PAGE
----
|Rep. Terry says bill would strip politics out of Keystone XL call|
INTERVIEW: Rep. Terry says bill would strip politics out of Keystone XL call
If the latest legislative maneuver for speeding approval of TransCanada's Keystone XL pipeline succeeds in the US Congress, the bill's sponsor said he does not expect President Barack Obama to veto it.
Representative Lee Terry, Republican of Nebraska, said his solution takes politics out of the decision, frees Obama from making a tough call that would anger at least one core constituency, and sends it to pipeline experts at the US Federal Energy Regulatory Commission.
"There's no more saying the president is just putting this off until after the election so he doesn't have to choose between friends," Terry said in an interview Friday. "That's all off the table. So I would hope he would join me in saying, 'Hey, let the agency that always has the decision over this and the experts in it, let them make the decision based on the science.'"
In a possible hitch to Terry's plans, FERC does not oversee oil pipelines' siting decisions or safety standards. Rather, the commission only ensures that oil pipelines have fair rates, FERC spokeswoman Mary O'Driscoll said Monday.
The State Department dealt TransCanada's $7 billion Keystone XL proposal a major blow last month by putting off the final permitting decision until at least 2013. TransCanada wants to build the line to transport 700,000 b/d of heavy Canadian crude oil from Hardisty, Alberta, to refineries on the Texas Gulf Coast.
Terry's North American Energy Access Act, H.R. 3548, would take permitting authority away from the State Department and give FERC 30 days to approve construction. The commission would have another 30-day window to approve route changes offered by Nebraska to protect a major aquifer.
A spokeswoman for the House Energy and Commerce Committee said FERC would have very little to do if the bill passes.
"The only time that FERC would have deliberative work to do would be if TransaCanada applied for a modification that is not the Nebraska detour and not in conformity with the" environmental impact statement, spokeswoman Charlotte Baker said Monday. "Then FERC would control the environmental review and subsequent decision. No such modification is currently contemplated to our knowledge."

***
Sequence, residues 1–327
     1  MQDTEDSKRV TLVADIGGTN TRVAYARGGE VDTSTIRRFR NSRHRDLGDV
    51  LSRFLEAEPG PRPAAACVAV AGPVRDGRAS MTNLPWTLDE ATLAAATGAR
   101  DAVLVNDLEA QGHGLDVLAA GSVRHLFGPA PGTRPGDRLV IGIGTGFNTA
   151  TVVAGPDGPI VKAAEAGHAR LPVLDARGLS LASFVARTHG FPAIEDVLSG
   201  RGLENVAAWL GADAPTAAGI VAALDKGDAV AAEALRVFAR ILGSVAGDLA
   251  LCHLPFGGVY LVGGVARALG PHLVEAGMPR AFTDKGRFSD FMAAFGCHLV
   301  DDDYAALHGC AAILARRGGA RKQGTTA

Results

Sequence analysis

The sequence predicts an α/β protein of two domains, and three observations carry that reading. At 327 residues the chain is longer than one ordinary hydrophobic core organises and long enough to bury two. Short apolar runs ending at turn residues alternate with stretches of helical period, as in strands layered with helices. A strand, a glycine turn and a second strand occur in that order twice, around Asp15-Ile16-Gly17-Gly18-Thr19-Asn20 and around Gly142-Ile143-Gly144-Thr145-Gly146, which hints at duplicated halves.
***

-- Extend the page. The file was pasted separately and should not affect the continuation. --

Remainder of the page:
Terry admitted he did not discuss the bill with FERC before introducing it and acknowledged that the commission might say it cannot decide in 30 days or at all.
"Unusual situations require unusual solutions," he said.
If FERC does participate, though, Terry said a final decision should not take more than a month, because the State Department has already done a full environmental analysis with multiple rounds of public feedback. He said the only remaining environmental question covers the section of pipeline that Nebraska wants to move to avoid the sensitive Sand Hills region.
"Is there any impact to the environment from moving it that 40-, 50-, 60-mile loop around the Sand Hills?" he said. "So it should be something that if they take time to catch up on the initial reports that are already sitting there, they should be able to make it in 30 days."
REPUBLICANS TO ATTACH KEYSTONE MEASURE TO TAX BILL
House Speaker John Boehner told his delegation Friday that he hoped to attach the Keystone proposal to a payroll tax cut package, a possibility Terry found encouraging. "I just said: 'Awesome.' That's great," he said.
Senate Republicans last week proposed their own option for accelerating Keystone XL. Led by Senator Dick Lugar of Indiana, the group wants to give the State Department 60 days to either approve the project or declare it against the national interest.
In July, the House passed an earlier Keystone XL bill offered by Terry. It would have forced the State Department to approve or deny the project by November 1. It did not get a vote in the Senate.
Terry said he does not have faith anything can get past the Senate's Democratic majority, but his latest proposal has the best shot.
"Taking the politics away and letting FERC make the decision, I would hope would be embraced by both Republicans and Democrats," he said.
Neither is Terry confident that TransCanada will build the 1,600-mile pipeline if the Republican options fail. Competitors like Enbridge and Enterprise Products are building their own pipelines to drain the crude oil glut in Cushing, Oklahoma.
"I don't know what they would do," Terry said of Keystone XL. "But if the people they have contracts with to deliver in 2014 have to go somewhere else, I think it's probably up in the air."
Terry added that his state would miss jobs and property taxes, but the demise of Keystone XL would not be the end of the world.
"Nebraska would be better off with the pipeline," he said. "If it wasn't built, yeah we'd miss out on something, but it's not going to devastate our state because, frankly, we're going to grow corn on top of it anyway. So that's our money."